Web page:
I got your attention, didn’t I? There are few statements that stir up as many emotions as, “everything happens for a reason.” In fact, there are few statements more designed to make the recipient of such “sage” advice want to smack the speaker in the head! And yet, it is so prevalent. It’s everywhere (especially on Facebook)! And it is the cause of so much anger and hurt in those of you who have been through the worst that life can dish out and whose distress is compounded by thoughtless others whose idea of comfort is to offer these condescending words. Why are people so enamored of using this platitude, and why do the recipients get so upset by it? I think the answer to the second question is that the underlying message seems to be, “I can’t handle your feelings.” It is a highly invalidating statement. Despite the fact that whatever you are going through is extremely painful and worthy of copious tears, blazing anger, screaming, moaning and otherwise being a huge emotional mess, this other person doesn’t want to hear it. It’s too uncomfortable or overwhelming for them to deal with. They want to say something, placating though it may be, that allows them to walk away from the emotional cesspool and tell themselves that they tried to help you but you just weren’t listening. They want you to stop suffering so they don’t have to look at it, acknowledge it, or harbor the thought, even for a moment, that this same thing that happened to you, could happen to them! They cannot entertain that possibility, lest it open up such a deep chasm of fear that they would be swallowed up by it.
Another underlying message in this statement is that the “reason” is about God. (I think they’re wrong, which I will address in the next paragraph.) Unfortunately, one of the harmful effects of this mindset is that, if God is in control of everything, even our suffering, then why bother trying to change anything for the better? It gives people permission to be utterly passive in the face of injustice and evil. It allows them to be indifferent to unfair practices and antiquated laws that allow people to be victimized and ignored. Not only do the words allow the speaker to walk away from the person who is hurting, it prevents them from considering the broader context and the conditions that exist that may have contributed to the situation at hand. And even when the situation is completely random and unconnected to any social ills, there are still things that could be done to ease the suffering of those who are impacted by it. As people of faith, we are called to be forerunners of the kingdom of God, working to minister to a broken world and right the wrongs that we see around us. When our philosophy is “Everything happens for a reason,” it seems to excuse us from responding to John Lewis’s call to arms: “If not us, then who? If not now, when?”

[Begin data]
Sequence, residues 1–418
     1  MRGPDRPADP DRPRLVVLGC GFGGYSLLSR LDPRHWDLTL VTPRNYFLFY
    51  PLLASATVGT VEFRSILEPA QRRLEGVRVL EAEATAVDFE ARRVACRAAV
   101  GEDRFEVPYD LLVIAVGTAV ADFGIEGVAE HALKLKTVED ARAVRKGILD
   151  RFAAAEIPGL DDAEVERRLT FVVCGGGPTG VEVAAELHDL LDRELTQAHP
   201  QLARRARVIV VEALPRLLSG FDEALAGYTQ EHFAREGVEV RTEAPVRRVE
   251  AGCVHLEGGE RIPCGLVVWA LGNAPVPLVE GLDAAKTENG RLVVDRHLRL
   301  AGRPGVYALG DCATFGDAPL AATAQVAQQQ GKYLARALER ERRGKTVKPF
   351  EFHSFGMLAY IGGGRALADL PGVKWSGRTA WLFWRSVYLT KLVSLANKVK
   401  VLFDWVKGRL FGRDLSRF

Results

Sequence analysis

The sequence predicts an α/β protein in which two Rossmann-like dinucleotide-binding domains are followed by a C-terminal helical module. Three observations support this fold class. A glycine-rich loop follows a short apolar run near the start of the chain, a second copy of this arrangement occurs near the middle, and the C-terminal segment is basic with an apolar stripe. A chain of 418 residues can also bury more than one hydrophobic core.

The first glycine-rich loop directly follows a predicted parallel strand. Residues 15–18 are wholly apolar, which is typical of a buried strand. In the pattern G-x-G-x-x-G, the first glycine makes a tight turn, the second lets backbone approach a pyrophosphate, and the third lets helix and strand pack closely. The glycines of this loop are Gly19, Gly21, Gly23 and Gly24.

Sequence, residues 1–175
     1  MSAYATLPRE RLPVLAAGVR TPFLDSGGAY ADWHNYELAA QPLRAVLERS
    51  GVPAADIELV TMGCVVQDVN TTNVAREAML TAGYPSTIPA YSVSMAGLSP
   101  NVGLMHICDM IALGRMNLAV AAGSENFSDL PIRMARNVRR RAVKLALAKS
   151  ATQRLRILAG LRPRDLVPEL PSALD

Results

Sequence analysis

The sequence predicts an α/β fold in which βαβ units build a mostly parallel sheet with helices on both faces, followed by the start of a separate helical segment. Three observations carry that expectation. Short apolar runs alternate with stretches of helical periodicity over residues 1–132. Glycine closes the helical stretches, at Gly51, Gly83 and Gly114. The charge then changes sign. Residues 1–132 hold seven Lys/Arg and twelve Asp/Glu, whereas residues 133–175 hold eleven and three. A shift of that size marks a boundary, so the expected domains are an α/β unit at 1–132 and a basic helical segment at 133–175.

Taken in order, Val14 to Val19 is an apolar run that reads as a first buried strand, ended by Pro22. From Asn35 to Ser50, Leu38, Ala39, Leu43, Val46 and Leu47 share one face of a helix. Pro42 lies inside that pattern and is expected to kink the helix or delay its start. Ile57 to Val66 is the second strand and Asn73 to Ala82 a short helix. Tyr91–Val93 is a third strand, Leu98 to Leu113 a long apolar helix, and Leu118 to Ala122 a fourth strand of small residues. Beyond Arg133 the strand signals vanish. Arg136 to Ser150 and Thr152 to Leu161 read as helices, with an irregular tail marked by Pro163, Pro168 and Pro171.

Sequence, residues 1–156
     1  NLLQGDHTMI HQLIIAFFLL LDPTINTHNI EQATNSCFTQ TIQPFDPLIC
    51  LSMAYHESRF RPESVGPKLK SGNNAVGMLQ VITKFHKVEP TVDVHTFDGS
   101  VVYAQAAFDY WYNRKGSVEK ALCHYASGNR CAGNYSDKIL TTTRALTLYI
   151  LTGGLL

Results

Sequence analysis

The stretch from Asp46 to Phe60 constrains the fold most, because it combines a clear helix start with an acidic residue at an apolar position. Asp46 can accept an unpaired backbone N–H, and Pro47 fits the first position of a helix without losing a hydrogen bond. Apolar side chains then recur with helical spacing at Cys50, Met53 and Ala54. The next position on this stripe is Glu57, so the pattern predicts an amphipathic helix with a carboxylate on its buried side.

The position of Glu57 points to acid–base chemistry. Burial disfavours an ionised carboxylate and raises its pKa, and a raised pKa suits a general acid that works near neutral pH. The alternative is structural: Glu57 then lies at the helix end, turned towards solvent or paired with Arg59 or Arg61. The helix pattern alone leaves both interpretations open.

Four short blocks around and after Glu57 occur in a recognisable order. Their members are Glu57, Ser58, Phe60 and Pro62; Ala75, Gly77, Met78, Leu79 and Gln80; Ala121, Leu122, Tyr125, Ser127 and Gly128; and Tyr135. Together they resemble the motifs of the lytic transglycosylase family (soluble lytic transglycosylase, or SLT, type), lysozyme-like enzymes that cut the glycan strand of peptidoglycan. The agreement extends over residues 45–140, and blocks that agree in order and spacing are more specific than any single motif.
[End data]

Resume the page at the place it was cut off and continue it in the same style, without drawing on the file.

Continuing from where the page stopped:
But let’s get back to the main issue. Does everything happen for a reason? The answer to that question is yes, but they’re not good reasons, and I don’t think God has anything to do with it! The implication with the “everything happens for a reason” gambit is that God caused this to happen for God’s own mysterious purposes, and you had better just be grateful, because something good is going to come out of it, if you wait long enough and quit your whining in the meantime! That’s just bad theology. God does not cause our suffering. God does not willfully put us in harm’s way or devise situations that will cause us unimaginable pain for the benefit of the “greater good.” I just don’t believe that’s how God works. But while I don’t believe God is involved in the “before” of an event, I absolutely believe God is present in the “after”— comforting, strengthening, and surrounding you with people who can understand and accompany you on your difficult journey. And certainly, God is involved in your healing and in the transformation that can sometimes happen in the aftermath of tragedy.
So what are the reasons for suffering? Here are just a few:
…because someone decided to get hopped up on drugs or alcohol and drive into a crowd of people on a sidewalk.
…because a sick and twisted individual decided to act out their sickness by violating an innocent child.
…because a virus ran rampant through a community that had no access to clean water or quality health care.
…because a mutation in one of your genes caused you to be infertile or to bear a child with severe abnormalities and disabilities.
…because a train operator fell asleep at the wheel or a religious fanatic high-jacked a plane or a troubled kid took his father’s gun to school.
The list goes on and on. Everything does happen for a reason, and sometimes the only reason we can come up with is that we live in a random universe where s— happens. But the reason is not God. God is not the cause of tragedy; God is the agent of healing from tragedy.